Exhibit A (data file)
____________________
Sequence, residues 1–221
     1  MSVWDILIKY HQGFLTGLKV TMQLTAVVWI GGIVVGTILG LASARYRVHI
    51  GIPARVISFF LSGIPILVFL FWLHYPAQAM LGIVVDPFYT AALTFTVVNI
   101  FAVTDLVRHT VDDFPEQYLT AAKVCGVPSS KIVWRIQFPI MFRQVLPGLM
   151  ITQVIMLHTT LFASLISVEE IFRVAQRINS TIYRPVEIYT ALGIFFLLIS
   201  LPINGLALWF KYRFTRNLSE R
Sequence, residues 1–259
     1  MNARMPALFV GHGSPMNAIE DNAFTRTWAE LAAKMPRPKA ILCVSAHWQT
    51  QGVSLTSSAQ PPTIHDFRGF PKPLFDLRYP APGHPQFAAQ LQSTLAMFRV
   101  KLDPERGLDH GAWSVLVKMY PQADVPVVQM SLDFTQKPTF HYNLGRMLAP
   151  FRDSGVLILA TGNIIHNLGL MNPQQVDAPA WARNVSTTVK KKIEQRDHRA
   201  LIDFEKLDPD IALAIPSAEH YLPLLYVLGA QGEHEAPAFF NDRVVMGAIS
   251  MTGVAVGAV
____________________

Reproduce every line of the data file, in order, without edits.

Sequence, residues 1–221
     1  MSVWDILIKY HQGFLTGLKV TMQLTAVVWI GGIVVGTILG LASARYRVHI
    51  GIPARVISFF LSGIPILVFL FWLHYPAQAM LGIVVDPFYT AALTFTVVNI
   101  FAVTDLVRHT VDDFPEQYLT AAKVCGVPSS KIVWRIQFPI MFRQVLPGLM
   151  ITQVIMLHTT LFASLISVEE IFRVAQRINS TIYRPVEIYT ALGIFFLLIS
   201  LPINGLALWF KYRFTRNLSE R
Sequence, residues 1–259
     1  MNARMPALFV GHGSPMNAIE DNAFTRTWAE LAAKMPRPKA ILCVSAHWQT
    51  QGVSLTSSAQ PPTIHDFRGF PKPLFDLRYP APGHPQFAAQ LQSTLAMFRV
   101  KLDPERGLDH GAWSVLVKMY PQADVPVVQM SLDFTQKPTF HYNLGRMLAP
   151  FRDSGVLILA TGNIIHNLGL MNPQQVDAPA WARNVSTTVK KKIEQRDHRA
   201  LIDFEKLDPD IALAIPSAEH YLPLLYVLGA QGEHEAPAFF NDRVVMGAIS
   251  MTGVAVGAV